Please Note: This article is written for users of the following Microsoft Excel versions: 2007, 2010, and 2013. If you are using an earlier version (Excel 2003 or earlier), this tip may not work for you. For a version of this tip written specifically for earlier versions of Excel, click here: Full Path Names in Excel.

Full Path Names in Excel

by Allen Wyatt
(last updated September 22, 2016)

6

When you open a workbook in Excel, the workbook name is displayed in the title bar. At times, it would be nice to display more than a simple workbook name in the title bar. Many people could profit by a way to display a full path name along with the workbook name in the title bar. Unfortunately, Excel does not provide a way to do this easily.

If you only need to know the full path name once in a while, then you can create a very simple macro and assign it to the QAT or a shortcut key. When you run the macro, the information in the title bar for the active window is changed to reflect the full path name. This macro, called ChangeCaption, is as follows:

Sub ChangeCaption()
     ActiveWindow.Caption = ActiveWorkbook.FullName
End Sub

The only drawback to this approach is that whenever you rename your workbook by saving it under a different name, the new file name (and path) are not updated in the title bar unless you rerun the macro.

ExcelTips is your source for cost-effective Microsoft Excel training. This tip (7850) applies to Microsoft Excel 2007, 2010, and 2013. You can find a version of this tip for the older menu interface of Excel here: Full Path Names in Excel.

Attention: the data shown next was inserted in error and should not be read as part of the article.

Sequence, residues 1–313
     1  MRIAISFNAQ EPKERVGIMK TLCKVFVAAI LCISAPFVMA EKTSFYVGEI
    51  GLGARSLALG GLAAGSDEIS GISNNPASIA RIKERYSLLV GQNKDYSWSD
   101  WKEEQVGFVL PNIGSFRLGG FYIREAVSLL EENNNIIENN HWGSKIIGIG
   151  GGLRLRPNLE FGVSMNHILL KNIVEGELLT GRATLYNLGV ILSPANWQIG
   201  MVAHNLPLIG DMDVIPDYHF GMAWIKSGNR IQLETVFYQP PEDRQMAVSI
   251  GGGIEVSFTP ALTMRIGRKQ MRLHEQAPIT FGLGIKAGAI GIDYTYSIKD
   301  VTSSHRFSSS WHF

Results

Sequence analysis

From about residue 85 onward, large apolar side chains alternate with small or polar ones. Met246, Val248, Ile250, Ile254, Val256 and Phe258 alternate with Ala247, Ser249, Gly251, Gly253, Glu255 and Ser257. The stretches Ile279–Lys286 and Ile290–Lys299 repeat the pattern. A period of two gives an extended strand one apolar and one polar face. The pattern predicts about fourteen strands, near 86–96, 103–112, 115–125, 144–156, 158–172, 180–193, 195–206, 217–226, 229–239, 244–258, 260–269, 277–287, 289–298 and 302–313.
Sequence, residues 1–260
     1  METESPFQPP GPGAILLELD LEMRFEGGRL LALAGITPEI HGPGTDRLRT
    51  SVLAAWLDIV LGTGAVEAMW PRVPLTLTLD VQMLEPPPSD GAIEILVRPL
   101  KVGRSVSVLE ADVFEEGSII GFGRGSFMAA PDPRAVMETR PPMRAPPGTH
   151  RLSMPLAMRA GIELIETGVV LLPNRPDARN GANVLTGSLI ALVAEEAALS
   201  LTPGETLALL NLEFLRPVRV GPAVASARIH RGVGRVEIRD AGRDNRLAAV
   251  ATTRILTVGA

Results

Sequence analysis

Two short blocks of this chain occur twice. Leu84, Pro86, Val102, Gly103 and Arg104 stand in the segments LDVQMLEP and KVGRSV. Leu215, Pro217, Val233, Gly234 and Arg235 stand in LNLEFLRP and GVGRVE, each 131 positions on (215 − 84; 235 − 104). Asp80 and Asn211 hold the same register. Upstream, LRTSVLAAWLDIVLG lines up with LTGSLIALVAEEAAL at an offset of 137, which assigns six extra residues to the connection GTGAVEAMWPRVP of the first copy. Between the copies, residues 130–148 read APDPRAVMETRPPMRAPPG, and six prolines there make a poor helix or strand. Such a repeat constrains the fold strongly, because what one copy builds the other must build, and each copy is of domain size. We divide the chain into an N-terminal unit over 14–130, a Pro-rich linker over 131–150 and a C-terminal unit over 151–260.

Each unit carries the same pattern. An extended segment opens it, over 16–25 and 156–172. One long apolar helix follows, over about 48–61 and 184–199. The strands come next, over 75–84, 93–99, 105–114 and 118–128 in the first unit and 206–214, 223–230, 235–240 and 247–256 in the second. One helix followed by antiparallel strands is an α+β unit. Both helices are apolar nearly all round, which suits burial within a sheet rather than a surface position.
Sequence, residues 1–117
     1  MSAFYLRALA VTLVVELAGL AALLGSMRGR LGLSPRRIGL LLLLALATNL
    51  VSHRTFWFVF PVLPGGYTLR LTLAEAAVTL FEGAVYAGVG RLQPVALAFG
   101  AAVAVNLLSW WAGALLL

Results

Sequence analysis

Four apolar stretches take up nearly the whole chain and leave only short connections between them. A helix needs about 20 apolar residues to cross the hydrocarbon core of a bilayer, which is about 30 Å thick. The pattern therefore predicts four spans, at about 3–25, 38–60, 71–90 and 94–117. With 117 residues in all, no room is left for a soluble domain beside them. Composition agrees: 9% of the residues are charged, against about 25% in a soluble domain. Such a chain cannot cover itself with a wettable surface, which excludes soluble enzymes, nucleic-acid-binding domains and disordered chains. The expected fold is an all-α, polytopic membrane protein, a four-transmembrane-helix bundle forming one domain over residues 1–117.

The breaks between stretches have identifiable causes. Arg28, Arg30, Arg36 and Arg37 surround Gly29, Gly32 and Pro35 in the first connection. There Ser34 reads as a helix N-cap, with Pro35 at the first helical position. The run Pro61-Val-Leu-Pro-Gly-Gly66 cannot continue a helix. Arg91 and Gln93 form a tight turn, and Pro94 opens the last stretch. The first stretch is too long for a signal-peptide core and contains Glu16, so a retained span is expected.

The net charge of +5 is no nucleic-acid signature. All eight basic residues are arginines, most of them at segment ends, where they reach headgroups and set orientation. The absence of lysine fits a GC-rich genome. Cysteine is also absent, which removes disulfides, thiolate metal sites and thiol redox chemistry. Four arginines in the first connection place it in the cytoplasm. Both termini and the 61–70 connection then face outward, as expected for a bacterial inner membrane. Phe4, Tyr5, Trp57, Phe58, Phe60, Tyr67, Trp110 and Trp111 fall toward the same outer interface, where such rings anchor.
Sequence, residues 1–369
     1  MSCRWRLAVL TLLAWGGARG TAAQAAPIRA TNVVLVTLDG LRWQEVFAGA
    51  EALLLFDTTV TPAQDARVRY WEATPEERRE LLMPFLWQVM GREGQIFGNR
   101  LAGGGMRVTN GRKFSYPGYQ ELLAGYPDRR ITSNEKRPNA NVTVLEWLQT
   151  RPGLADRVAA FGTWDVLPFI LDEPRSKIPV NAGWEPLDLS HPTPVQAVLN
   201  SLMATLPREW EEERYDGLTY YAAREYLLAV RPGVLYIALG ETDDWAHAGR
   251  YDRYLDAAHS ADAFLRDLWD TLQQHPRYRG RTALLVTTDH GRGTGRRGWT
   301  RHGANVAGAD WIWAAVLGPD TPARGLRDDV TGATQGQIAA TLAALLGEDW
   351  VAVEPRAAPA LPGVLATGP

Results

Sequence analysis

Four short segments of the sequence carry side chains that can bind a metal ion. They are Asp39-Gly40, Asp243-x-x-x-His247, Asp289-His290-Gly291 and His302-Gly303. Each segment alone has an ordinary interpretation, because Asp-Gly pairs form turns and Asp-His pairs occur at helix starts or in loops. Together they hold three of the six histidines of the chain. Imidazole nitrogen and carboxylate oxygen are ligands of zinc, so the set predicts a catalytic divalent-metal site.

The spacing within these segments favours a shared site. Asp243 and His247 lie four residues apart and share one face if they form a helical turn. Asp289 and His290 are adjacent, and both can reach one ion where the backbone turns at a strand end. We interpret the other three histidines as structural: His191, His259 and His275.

Author Bio

Allen Wyatt

With more than 50 non-fiction books and numerous magazine articles to his credit, Allen Wyatt is an internationally recognized author. He  is president of Sharon Parq Associates, a computer and publishing services company. ...

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Comments

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What is eight minus 8?

2016-09-24 05:49:32

Michael (Micky) Avidan

@Kevin Scanlon,
Try to add $A$1 to each and every instance of the CELL("filename") segment.
Like that:
...CELL("filename",$A$1)...
--------------------------
Michael (Micky) Avidan
“Microsoft® Answers" - Wiki author & Forums Moderator
“Microsoft®” MVP – Excel (2009-2017)
ISRAEL


2016-09-23 10:37:05

Kevin Scanlon

Getting back to the point of this Tip, the suggestion to use "CELL" falls foul of the fact that this function is a volatile function and hence is re-calculated EVERY time ANY cell is changed in Excel.
This means that a "CELL" based formula located in workbook "A" will incorrectly report that it is in workbook "B" if both workbooks are open in the same instance of Excel and workbook "B" is the last one edited.
Try it and see
Kevin


2016-09-22 11:04:00

Roy

Nothing to do with this great tip, but in the latest version of Outlook if you are sending the sheet you have just worked on you can attach it quickly by just clicking on Attach file. A list of all the recent file worked on appears there.


2016-09-22 09:28:58

Kyle Fabris

I also find the "Document Location" textbox very handy. When you open a workbook, the fully qualified path is displayed. You can then copy/paste this path into any browser windows (e.g. Attach File in Outlook) thereby avoiding having to manually navigate to the file!

You can easily customize the QAT --> All Commands --> Document Location. Unfortunately, the same drawback exists. When you save a workbook, Excel doesn't automatically update the textbox like other MS Office apps do. You have to toggle to another open workbook or toggle to another application then go back to Excel for it to update.

Life is Good!

Kyle


2016-09-22 07:44:09

Michael (Micky) Avidan

@bettie lobato,
You suggestion presents the ActiveSheets name as well.
In order to present the Path and full file name only - try:
=SUBSTITUTE(LEFT(CELL("filename"),FIND("]",CELL("filename"))-1),"[",)
--------------------------
Michael (Micky) Avidan
“Microsoft® Answers" - Wiki author & Forums Moderator
“Microsoft®” MVP – Excel (2009-2017)
ISRAEL


2014-05-31 14:36:29

bettie lobato

Simple way for complete path of file in Excel. On any cell in the file enter:
=cell("filename")


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